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SAMJ: South African Medical Journal

versión On-line ISSN 2078-5135
versión impresa ISSN 0256-9574

SAMJ, S. Afr. med. j. vol.109 no.9 Cape Town sep. 2019

http://dx.doi.org/10.7196/samj.2019.v109i9.13817 

RESEARCH

 

Symptomatic congenital syphilis in a tertiary neonatal unit in Cape Town, South Africa: High morbidity and mortality in a preventable disease

 

 

S PillayI; L J TookeII

IMB BCh, FC Paed (SA), Cert Neonatology (SA), MMed (Paeds), DCH; Department of Neonatology, Groote Schuur Hospital and Faculty of Health Sciences, University of Cape Town, South Africa
IIMB ChB, FC Paed (SA), Cert Neonatology (SA), MMed (Paeds); Department of Neonatology, Groote Schuur Hospital and Faculty of Health Sciences, University of Cape Town, South Africa

Correspondence

 

 


ABSTRACT

BACKGROUND. Despite preventive measures and effective treatment, congenital syphilis continues to impact significantly on neonatal morbidity and mortality. There has been no recent South African (SA) published literature reviewing congenital syphilis, particularly in the context of a tertiary neonatal setting.
OBJECTIVES. To describe the clinical features of symptomatic neonates with congenital syphilis and to identify modifiable patient, clinical and health facility factors that contributed to syphilis infection.
METHODS. All positive serological tests for syphilis performed in neonates at Groote Schuur Hospital (GSH), Cape Town, SA, between 1 January 2011 and 31 December 2013 were obtained. Folders were reviewed, and neonates with clinical signs of congenital syphilis were included. Results. Of 50 symptomatic neonates, 19 (38%) died. Twenty-eight mothers (56%) were unbooked and therefore received no antenatal care. Most mothers (98%) were inadequately treated. Health worker-related failures included poor notification and partner tracing as well as failure to recheck syphilis serology after 32 weeks' gestation in mothers who initially tested negative. Thirty-four neonates required intensive care unit admission. Two significant predictors of mortality were 1-minute and 5-minute Apgar scores <5. Hydrops fetalis was an independent risk factor for mortality, as were moderate to severely abnormal cranial ultrasound scan findings.
CONCLUSIONS. Congenital syphilis in neonates admitted to the GSH neonatal unit was associated with substantial morbidity and mortality. The modifiable factors identified represent inadequate antenatal healthcare and health system failures. These factors are longstanding, highlighting the need to establish governance and audit processes and address the continuing socioeconomic and sociocultural barriers that mothers face as a way forward in ultimately eliminating this entirely preventable disease.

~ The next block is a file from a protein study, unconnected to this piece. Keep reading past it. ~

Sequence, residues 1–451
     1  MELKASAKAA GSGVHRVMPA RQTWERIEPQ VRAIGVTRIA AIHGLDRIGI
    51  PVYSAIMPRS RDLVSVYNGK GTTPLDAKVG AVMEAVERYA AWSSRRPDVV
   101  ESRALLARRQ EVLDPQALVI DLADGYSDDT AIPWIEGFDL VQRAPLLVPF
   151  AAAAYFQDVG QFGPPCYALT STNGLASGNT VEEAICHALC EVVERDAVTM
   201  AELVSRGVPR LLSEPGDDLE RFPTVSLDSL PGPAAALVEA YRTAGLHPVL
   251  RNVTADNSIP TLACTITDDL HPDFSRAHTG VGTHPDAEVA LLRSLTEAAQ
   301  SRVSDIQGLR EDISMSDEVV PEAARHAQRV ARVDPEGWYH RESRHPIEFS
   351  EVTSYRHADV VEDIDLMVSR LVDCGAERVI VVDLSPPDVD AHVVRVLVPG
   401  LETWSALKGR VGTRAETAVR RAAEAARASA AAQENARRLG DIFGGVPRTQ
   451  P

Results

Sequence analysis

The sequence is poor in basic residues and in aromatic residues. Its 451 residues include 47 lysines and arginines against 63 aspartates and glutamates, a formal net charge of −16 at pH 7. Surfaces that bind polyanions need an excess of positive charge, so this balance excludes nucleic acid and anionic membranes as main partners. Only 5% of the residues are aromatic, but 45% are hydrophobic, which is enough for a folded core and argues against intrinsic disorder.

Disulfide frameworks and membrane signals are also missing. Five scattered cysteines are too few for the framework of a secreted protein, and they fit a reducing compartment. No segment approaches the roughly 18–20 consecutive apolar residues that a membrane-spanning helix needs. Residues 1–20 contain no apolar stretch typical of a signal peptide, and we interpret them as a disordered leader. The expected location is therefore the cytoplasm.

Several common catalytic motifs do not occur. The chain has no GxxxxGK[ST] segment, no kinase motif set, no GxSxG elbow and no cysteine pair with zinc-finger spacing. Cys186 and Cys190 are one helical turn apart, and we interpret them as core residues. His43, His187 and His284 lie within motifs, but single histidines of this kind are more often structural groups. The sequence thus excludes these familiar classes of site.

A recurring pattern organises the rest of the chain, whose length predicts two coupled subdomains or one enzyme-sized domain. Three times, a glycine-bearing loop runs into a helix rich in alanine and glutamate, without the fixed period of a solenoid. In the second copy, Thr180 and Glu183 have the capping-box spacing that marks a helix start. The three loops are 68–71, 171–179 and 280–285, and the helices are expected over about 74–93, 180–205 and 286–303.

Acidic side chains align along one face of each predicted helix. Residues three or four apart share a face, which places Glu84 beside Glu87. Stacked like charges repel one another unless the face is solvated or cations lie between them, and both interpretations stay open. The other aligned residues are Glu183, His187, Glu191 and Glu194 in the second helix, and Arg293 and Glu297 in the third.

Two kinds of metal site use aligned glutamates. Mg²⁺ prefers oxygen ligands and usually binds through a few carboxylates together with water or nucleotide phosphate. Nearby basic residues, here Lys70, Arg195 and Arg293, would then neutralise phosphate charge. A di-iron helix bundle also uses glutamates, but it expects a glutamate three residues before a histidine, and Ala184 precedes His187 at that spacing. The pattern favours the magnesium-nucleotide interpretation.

Mother-to-child transmission of syphilis is associated with both adverse pregnancy outcomes (fetal loss, stillbirth, neonatal death, preterm birth and low birthweight) and congenital syphilis[1] In 2012, an estimated 930 000 maternal syphilis infections caused 350 000 adverse pregnancy outcomes globally.[2] The greatest burden of syphilis in pregnancy occurred in African[2] Despite the availability of affordable preventive tools for over 50 years, the global perinatal mortality rate from congenital syphilis exceeds the perinatal deaths estimated for HIV and tetanus.[3,,4] Globally, in 2016, 38 000 neonates died from congenital syphilis.[5] The World Health Organization Strategy for the Global Elimination of Congenital Syphilis was launched in 2007, calling for political commitment in addressing syphilis screening, treatment and surveillance. However, in the past 12 years, little progress has been made in eliminating this preventable disease.[6]

The prevalence of syphilis in South Africa (SA) is not declining, with the prevalence rate among women presenting for antenatal care having risen from 1.6% in 2011 to 2.0% in 2015[7] Data from the Perinatal Problem Identification Program parallel these figures, showing a steady increase in the percentage of births in serologically positive pregnant mothers in the Metro West area of Western Cape Province, with 0.8% of births occurring in serologically positive mothers in 2011, 0.9% in 2012 and 1.2% in 2013. In addition, perinatal deaths from congenital syphilis in the Metro West area during the same time period showed an increase from 3% to 3.5%.[8] In May 2017, nearly 40 years after the initiation of a national syphilis screening programme, the South African National AIDS Council released the fourth National Strategic Plan, one of the aims of which is to eliminate congenital syphilis.[9]